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Lessons in Empathetic Leadership – Rebecca Lang, MIT Sloan School of Management

I knew I wanted to launch a career in workforce development when I came to MIT Sloan, but I didn’t know how to start. But after attending a webinar for the REDF Farber Summer Fellowship, I knew I found the right place for me to learn and grow.

Before business school, I worked in finance for five years and wanted to round out my business skills by working on a project related to strategy or operations. I also wanted to learn more about the criminal justice system after having supported a startup staffing company for people who were formerly incarcerated during my second semester at Sloan. After accepting my offer to join the Farber cohort, I had a chat with the program’s leader and expressed my interests and ended up with a project that was a great fit for me.

For the 10-week internship, I worked with Clean Decisions, a janitorial, landscaping, and event staffing business based in DC that is owned, operated, and staffed by returning citizens. There, I worked with the CEO, Director of Operations, and an Advisor to strengthen their business development and operational discipline. Together, we identified contracting opportunities that would grow the business and allow Clean Decisions to accomplish its mission of serving a greater number of returning citizens in DC, and improve efficiency in certain areas of their business, including customer service and setting expectations among employees.

Because I was new to the world of business development and operations, I leaned on REDF’s network of staff, employment social enterprises, and other Farbers to learn from their expertise and experience in the field. I was truly blown away by how receptive everyone was to helping me tackle questions I had about my project. I conducted interviews with leaders of employment social enterprises that were in REDF’s previous and current grantee portfolios, which opened my eyes to the different strategies that social enterprises use to grow their revenue and impact. I also looked forward to my weekly calls with my REDF Relationship Manager, who consistently bounced ideas off of me and inspired me to explore new directions with my project.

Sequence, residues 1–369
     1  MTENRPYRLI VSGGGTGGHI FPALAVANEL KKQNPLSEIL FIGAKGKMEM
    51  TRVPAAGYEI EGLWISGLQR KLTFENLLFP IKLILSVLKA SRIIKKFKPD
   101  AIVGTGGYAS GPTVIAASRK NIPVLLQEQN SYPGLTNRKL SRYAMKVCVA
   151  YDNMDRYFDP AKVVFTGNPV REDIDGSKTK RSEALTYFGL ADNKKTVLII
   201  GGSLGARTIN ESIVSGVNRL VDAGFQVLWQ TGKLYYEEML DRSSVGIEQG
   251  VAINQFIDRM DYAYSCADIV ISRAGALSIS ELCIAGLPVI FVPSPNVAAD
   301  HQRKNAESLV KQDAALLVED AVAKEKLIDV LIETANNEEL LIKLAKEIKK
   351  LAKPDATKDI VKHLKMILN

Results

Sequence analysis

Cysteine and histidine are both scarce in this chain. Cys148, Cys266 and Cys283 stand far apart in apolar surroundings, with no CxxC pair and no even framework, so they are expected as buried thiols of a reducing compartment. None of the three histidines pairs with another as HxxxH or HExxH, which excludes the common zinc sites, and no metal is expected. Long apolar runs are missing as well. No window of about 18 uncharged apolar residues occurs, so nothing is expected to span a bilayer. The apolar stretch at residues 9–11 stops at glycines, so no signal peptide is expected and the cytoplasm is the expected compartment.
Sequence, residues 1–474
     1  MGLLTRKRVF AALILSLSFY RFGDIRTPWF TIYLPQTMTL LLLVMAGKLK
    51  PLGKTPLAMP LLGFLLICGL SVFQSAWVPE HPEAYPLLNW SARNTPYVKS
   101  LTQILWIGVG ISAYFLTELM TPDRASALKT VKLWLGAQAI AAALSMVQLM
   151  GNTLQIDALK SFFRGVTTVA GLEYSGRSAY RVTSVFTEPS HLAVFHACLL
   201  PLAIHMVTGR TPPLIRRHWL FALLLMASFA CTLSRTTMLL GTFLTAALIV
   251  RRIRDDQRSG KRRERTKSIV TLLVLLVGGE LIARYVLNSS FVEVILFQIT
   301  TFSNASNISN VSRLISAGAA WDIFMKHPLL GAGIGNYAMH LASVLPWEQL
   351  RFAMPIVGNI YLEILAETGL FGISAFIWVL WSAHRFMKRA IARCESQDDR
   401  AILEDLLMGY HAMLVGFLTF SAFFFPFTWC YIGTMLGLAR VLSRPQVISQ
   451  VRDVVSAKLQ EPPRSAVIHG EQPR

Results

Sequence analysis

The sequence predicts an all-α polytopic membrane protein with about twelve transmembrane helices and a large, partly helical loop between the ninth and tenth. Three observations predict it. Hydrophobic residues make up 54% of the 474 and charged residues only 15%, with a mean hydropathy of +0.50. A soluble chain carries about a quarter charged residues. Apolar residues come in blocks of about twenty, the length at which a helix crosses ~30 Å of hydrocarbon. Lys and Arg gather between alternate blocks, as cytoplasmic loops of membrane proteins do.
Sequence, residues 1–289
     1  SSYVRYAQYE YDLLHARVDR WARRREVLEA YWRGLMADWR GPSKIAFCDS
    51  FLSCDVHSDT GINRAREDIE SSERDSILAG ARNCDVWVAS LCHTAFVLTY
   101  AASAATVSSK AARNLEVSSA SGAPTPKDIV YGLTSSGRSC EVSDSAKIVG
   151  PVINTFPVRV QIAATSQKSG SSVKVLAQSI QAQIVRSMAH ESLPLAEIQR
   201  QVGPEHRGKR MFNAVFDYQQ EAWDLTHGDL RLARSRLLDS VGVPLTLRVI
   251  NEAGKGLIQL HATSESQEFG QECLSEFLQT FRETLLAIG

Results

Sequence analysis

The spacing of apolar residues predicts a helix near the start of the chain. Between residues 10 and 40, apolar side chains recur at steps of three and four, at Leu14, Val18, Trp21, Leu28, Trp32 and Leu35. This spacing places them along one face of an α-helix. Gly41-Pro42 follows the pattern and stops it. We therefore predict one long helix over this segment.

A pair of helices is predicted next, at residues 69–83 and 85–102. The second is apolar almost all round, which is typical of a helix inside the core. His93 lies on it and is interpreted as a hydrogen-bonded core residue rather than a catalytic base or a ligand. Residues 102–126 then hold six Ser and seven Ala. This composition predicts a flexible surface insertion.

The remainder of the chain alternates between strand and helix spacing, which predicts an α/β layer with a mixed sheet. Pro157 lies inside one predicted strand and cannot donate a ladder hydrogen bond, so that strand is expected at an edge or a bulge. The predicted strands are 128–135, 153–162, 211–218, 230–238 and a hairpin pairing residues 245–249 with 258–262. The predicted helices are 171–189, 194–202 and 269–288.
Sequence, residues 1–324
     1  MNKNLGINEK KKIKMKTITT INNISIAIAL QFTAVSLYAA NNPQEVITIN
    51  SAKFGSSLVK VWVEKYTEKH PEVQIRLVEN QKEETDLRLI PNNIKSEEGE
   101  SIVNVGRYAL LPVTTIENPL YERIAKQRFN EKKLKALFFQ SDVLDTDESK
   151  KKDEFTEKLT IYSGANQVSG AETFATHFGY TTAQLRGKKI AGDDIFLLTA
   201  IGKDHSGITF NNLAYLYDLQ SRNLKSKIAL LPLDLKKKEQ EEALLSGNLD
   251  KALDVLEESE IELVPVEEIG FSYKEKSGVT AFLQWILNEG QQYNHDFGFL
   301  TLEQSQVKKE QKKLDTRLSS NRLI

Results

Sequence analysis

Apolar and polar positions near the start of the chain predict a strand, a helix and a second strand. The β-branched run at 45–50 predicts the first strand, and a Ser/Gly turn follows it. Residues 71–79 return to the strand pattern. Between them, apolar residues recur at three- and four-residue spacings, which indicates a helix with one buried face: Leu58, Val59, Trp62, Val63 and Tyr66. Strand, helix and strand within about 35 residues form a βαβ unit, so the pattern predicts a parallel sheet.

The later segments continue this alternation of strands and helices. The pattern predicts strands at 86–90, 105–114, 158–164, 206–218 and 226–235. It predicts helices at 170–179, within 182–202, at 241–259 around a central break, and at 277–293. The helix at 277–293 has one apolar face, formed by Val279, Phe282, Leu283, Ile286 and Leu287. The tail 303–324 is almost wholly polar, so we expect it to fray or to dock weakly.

And I’d be remiss if I didn’t mention my amazing group of fellow Farbers! Despite having a virtual internship, we were able to bond as a cohort and I always looked forward to our weekly Zoom happy hours. We were even able to successfully execute a prank on Brian, our fearless Farber leader, from many miles away.

My Farber summer went by way too quickly, but as I start my second year of business school, I know I will take many learnings back with me. Yes, I accomplished my goals of learning about workforce development, strategy, and operations, and supporting returning citizens, but I also learned a lot about what it means to be an empathetic leader, which I think is very unique as part of an MBA internship. Will, the CEO of Clean Decisions, was a great example of showing integrity in your work and treating the people you work with as much more than employees or colleagues. I saw this firsthand when I went to visit DC for a week in June. The Clean Decisions team hosted one of their monthly pancake breakfast events for the employees, alumni of the program, and advisors. I showed up early and helped the team prep for the meal, and as we sat around eating, telling stories, and getting to know each other, I looked around and soaked in the family-like atmosphere that Clean Decisions was known for and proud of. The Clean Decisions team is a family, and I’m so grateful they took me in to be a part of that family.

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